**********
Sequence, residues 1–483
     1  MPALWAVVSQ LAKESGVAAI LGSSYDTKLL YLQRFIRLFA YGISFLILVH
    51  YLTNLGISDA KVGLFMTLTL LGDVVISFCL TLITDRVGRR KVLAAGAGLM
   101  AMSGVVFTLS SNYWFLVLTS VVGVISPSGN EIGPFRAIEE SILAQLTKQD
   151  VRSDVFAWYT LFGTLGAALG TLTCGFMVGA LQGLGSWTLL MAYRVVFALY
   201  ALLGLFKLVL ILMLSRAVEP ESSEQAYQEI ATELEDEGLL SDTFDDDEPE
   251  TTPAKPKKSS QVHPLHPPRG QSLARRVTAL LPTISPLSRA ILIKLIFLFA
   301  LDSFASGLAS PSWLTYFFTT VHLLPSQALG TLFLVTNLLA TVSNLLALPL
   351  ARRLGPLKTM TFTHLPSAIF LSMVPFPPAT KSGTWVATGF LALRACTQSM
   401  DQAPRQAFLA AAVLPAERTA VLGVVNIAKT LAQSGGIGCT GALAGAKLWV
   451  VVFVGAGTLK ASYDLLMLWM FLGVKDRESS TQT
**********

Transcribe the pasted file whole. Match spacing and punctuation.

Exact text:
Sequence, residues 1–483
     1  MPALWAVVSQ LAKESGVAAI LGSSYDTKLL YLQRFIRLFA YGISFLILVH
    51  YLTNLGISDA KVGLFMTLTL LGDVVISFCL TLITDRVGRR KVLAAGAGLM
   101  AMSGVVFTLS SNYWFLVLTS VVGVISPSGN EIGPFRAIEE SILAQLTKQD
   151  VRSDVFAWYT LFGTLGAALG TLTCGFMVGA LQGLGSWTLL MAYRVVFALY
   201  ALLGLFKLVL ILMLSRAVEP ESSEQAYQEI ATELEDEGLL SDTFDDDEPE
   251  TTPAKPKKSS QVHPLHPPRG QSLARRVTAL LPTISPLSRA ILIKLIFLFA
   301  LDSFASGLAS PSWLTYFFTT VHLLPSQALG TLFLVTNLLA TVSNLLALPL
   351  ARRLGPLKTM TFTHLPSAIF LSMVPFPPAT KSGTWVATGF LALRACTQSM
   401  DQAPRQAFLA AAVLPAERTA VLGVVNIAKT LAQSGGIGCT GALAGAKLWV
   451  VVFVGAGTLK ASYDLLMLWM FLGVKDRESS TQT